Whitman must do more to offer pre-professional opportunities

Alex Brott

During a recent networking trip to New York City to meet Whitman alumni in finance, law, media and other highly professional careers, I was struck by a duality on the Whitman campus. On one hand, Whitties are fun, free-spirited, and––broadly––critical of American standards of material success. However, Whitties are highly intelligent, capable, involved, and, I argue, have a strong urge to forge personal success in whatever form it might take.

These two mindsets are not mutually exclusive, but Whitman as an institution tends to favor the former while overlooking the latter. That is, there are ample avenues to promote highly professional career opportunities that the Student Engagement Center and Whitman as a whole would be wise to capitalize on.

Students seem to agree that there is a general dearth of such opportunities. A lack of pre-med or pre-law opportunities are the most commonly cited examples, but I would take that argument one further. Whitman students lack not only access to, but information about more professionally oriented careers in business that they may be deeply interested in.

Whitman should work hard to gain soon-to-be graduates access to as wide a variety of career options as possible, including corporate work. Silicon Valley tech firms––Google, Apple, Facebook, etc.––crawl over themselves to recruit from high-profile California colleges, so why shouldn’t Starbucks, Microsoft and Boeing (to name a few) be crawling over themselves to recruit Whitties for summer internships and post-grad employment?

I value the liberal arts education model and the experience Whitman has provided me thus far. I think the policy of not transferring vocational credits is sound. Yet, I encourage decision-making parties to consider the negative effects of going too far in discouraging a pre-professional mindset for three main reasons: student interest, students’ job prospects and the long-term success of the college.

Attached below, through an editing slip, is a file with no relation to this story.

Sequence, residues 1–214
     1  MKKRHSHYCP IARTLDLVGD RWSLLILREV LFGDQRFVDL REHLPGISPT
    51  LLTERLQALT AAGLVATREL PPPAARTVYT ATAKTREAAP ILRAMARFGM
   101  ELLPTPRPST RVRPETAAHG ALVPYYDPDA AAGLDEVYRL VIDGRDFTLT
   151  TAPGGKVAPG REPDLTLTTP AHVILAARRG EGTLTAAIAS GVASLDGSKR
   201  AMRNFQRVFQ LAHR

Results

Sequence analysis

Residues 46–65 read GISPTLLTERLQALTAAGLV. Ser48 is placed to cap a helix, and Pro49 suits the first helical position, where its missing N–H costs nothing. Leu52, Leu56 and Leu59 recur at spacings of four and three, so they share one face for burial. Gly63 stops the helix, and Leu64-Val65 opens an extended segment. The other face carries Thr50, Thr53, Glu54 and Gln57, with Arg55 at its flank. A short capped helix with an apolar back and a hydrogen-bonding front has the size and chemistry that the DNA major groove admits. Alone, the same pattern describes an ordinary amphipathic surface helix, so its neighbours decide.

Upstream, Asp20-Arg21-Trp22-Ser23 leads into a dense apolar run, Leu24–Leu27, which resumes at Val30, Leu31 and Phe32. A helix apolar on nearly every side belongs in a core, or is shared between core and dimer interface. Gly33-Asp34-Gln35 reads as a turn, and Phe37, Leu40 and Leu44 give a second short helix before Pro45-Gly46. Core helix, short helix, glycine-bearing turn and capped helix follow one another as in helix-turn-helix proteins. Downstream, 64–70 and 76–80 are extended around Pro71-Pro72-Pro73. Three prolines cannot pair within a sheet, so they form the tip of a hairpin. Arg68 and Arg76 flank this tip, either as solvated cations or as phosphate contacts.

Many students are interested in pre-professional experience. I personally have been able to take advantage of resources set aside specifically to support environmental studies majors in environmental career development, but why should my interest in environmental studies be privileged? For what we pay to attend Whitman, I do not believe that students’ interest in professional career opportunities should go overlooked.

Second, Whitman should encourage the development of marketable skills and experience in what is a difficult job climate. Many Whitman students get excited about opportunities with Teach For America, the Peace Corps or fellowships, but will likely find their way into more traditional careers at some point. As such, the building of marketable experience is paramount in terms of preparing Whitties to be successful.

Lastly, and in a cynical and pragmatic way, it behooves the administration to produce alumni who will be successful and wealthy, and can thus donate back to the college and improve the caliber and quality of a Whitman education. This is something that will benefit Whitman’s reputation and countless students for years to come.

Undoubtedly, many Whitman students are not interested in the life of a corporate stiff; I understand that we are not at Whitman because we want to make as much money as possible. But I contend that there are many students who are deeply interested in some sort of career offered by the types of companies listed above, and that these companies can offer students much more than just a large paycheck.

I appreciate the variety of resources Whitman provides, the diversity of lifestyles it supports and the level of involvement that is possible here. However––be it support for internships and recruiting efforts from regional Fortune-500 companies, better advertisement of networking workshops or similar opportunities for younger students, organizing meetings and academic-year internships with local business leaders, or any number of creative ideas––Whitman must do what it can to support pre-professional development among the many students who have such interests.